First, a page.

Notwithstanding Mr. Burke's horrid paintings, when the French Revolution is compared with the revolutions of other countries, the astonishment will be that it is marked with so few sacrifices; but this astonishment will cease when we reflect that principles, and not persons, were the meditated objects of destruction. The mind of the nation was acted upon by a higher stimulus than what the consideration of persons could inspire, and sought a higher conquest than could be produced by the downfall of an enemy. Among the few who fell, there do not appear to be any that were intentionally singled out. They all of them had their fate in the circumstances of the moment, and were not pursued with that long, cold-blooded, unabated revenge which pursued the unfortunate Scotch in the affair of 1745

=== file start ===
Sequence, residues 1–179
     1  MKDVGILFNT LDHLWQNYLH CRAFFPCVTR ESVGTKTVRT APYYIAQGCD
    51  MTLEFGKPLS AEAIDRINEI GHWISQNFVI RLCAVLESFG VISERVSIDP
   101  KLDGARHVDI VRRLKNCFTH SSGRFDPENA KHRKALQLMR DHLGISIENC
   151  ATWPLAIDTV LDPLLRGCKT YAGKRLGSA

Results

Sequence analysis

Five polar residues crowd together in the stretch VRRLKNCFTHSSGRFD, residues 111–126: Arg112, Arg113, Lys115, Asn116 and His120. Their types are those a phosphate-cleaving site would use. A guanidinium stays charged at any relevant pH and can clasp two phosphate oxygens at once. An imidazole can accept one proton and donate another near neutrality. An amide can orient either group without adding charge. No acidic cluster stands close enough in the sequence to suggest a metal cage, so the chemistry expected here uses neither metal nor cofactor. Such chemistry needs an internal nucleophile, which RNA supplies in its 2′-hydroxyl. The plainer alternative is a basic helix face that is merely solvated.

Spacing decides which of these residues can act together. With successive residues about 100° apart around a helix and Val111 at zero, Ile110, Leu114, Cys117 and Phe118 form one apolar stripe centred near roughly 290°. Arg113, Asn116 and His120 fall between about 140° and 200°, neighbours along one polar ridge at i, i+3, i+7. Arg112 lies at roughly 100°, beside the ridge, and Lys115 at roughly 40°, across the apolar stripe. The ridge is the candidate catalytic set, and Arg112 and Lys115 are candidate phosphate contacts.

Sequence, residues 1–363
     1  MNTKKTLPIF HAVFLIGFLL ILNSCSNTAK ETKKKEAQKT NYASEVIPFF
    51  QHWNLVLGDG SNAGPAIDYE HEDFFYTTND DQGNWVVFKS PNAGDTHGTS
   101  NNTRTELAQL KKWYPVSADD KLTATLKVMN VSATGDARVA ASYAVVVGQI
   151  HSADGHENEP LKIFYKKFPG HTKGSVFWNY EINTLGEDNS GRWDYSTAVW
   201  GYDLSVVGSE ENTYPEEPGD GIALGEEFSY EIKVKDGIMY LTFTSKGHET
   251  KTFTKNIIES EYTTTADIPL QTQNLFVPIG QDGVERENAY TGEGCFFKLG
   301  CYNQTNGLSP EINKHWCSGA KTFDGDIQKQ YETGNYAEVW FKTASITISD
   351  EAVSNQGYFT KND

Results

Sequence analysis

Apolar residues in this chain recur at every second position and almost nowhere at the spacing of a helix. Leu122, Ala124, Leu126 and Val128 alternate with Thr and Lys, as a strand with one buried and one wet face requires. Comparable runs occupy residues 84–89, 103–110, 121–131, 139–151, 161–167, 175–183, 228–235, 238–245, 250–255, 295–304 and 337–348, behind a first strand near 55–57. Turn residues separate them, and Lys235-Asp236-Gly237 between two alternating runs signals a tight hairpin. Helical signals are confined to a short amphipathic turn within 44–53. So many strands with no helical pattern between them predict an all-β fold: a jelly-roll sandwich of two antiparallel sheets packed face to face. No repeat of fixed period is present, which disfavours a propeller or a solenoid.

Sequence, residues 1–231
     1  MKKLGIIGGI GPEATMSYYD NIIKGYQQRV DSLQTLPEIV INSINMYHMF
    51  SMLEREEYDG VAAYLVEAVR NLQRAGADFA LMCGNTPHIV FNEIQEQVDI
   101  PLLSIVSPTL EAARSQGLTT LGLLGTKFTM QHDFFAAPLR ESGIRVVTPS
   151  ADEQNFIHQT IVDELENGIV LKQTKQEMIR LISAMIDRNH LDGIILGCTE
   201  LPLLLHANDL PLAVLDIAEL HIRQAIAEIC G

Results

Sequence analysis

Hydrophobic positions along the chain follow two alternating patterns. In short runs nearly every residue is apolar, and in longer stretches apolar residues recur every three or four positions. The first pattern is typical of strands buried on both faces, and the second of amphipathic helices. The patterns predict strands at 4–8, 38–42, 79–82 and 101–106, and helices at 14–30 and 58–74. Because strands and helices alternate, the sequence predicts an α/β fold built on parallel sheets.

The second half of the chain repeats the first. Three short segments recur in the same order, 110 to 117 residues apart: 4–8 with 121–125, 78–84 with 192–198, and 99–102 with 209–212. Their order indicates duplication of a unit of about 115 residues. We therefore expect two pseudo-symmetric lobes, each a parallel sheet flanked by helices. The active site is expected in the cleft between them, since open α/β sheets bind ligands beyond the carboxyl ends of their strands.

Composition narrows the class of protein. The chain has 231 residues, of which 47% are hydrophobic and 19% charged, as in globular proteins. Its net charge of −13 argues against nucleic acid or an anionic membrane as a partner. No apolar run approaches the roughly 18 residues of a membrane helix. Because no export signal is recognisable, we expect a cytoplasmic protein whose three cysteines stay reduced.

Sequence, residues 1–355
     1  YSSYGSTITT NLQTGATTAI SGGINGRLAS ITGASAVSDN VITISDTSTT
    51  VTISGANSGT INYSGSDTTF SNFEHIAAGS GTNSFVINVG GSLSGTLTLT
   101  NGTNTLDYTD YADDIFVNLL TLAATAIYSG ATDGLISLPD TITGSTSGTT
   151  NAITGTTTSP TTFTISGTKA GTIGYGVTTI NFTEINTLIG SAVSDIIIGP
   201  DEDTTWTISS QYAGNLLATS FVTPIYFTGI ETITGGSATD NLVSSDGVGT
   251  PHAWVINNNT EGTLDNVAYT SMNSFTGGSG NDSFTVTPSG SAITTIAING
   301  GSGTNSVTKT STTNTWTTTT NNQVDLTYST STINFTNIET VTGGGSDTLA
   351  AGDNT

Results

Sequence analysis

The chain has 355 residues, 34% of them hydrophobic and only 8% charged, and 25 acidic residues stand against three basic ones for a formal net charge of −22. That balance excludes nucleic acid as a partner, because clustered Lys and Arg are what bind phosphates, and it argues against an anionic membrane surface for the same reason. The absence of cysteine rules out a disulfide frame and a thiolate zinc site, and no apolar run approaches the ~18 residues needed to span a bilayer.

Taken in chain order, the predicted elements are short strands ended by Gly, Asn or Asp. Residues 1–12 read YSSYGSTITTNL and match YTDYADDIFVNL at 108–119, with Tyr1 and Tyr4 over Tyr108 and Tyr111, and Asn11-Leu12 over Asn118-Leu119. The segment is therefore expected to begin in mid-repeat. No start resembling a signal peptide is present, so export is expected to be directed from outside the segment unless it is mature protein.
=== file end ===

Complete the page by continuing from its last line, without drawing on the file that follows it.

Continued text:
Through the whole of Mr. Burke's book I do not observe that the Bastille is mentioned more than once, and that with a kind of implication as if he were sorry it was pulled down, and wished it were built up again. “We have rebuilt Newgate (says

See page 588, above.

he) and tenanted the mansion; and we have prisons almost as strong as the Bastille for those who dare to libel the queens of France.” As to what a madman, like the person called Lord George Gordon, might say, and to whom Newgate is rather a bedlam than a prison, it is unworthy a rational consideration. It was a madman that libeled — and that is sufficient apology, and it afforded an opportunity for confining him, which was the thing that was wished for. But certain it is that Mr. Burke, who does not call himself a madman, whatever other people may do, has libeled, in the most unprovoked manner, and in the grossest style of the most vulgar abuse, the whole representative authority of France; and yet Mr. Burke takes his seat in the British House of Commons! From his violence and his grief, his silence on some points and his excess on others, it is difficult not to believe that Mr. Burke is sorry, extremely sorry, that arbitrary power - the power of the Pope and the Bastille — are pulled down.